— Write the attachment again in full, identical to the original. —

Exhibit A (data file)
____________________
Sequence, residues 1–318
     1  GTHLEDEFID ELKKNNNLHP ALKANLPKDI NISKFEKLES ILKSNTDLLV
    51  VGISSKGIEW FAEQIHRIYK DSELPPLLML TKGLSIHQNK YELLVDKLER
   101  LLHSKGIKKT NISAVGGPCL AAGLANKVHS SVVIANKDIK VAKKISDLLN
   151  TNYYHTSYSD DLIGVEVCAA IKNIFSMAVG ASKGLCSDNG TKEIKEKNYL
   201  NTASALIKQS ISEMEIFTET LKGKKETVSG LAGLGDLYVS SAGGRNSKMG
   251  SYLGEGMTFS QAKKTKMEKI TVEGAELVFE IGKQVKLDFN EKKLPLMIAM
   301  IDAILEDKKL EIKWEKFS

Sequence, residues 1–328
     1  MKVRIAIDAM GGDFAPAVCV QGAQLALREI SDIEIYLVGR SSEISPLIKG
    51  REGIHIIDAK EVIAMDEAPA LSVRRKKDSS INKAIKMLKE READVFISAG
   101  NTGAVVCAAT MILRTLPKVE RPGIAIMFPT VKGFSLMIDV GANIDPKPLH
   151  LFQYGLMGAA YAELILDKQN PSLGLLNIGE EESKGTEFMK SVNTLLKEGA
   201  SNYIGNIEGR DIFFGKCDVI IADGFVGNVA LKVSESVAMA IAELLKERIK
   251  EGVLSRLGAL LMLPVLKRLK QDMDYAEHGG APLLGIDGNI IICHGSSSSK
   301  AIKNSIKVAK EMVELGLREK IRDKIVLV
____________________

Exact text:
Sequence, residues 1–318
     1  GTHLEDEFID ELKKNNNLHP ALKANLPKDI NISKFEKLES ILKSNTDLLV
    51  VGISSKGIEW FAEQIHRIYK DSELPPLLML TKGLSIHQNK YELLVDKLER
   101  LLHSKGIKKT NISAVGGPCL AAGLANKVHS SVVIANKDIK VAKKISDLLN
   151  TNYYHTSYSD DLIGVEVCAA IKNIFSMAVG ASKGLCSDNG TKEIKEKNYL
   201  NTASALIKQS ISEMEIFTET LKGKKETVSG LAGLGDLYVS SAGGRNSKMG
   251  SYLGEGMTFS QAKKTKMEKI TVEGAELVFE IGKQVKLDFN EKKLPLMIAM
   301  IDAILEDKKL EIKWEKFS

Sequence, residues 1–328
     1  MKVRIAIDAM GGDFAPAVCV QGAQLALREI SDIEIYLVGR SSEISPLIKG
    51  REGIHIIDAK EVIAMDEAPA LSVRRKKDSS INKAIKMLKE READVFISAG
   101  NTGAVVCAAT MILRTLPKVE RPGIAIMFPT VKGFSLMIDV GANIDPKPLH
   151  LFQYGLMGAA YAELILDKQN PSLGLLNIGE EESKGTEFMK SVNTLLKEGA
   201  SNYIGNIEGR DIFFGKCDVI IADGFVGNVA LKVSESVAMA IAELLKERIK
   251  EGVLSRLGAL LMLPVLKRLK QDMDYAEHGG APLLGIDGNI IICHGSSSSK
   301  AIKNSIKVAK EMVELGLREK IRDKIVLV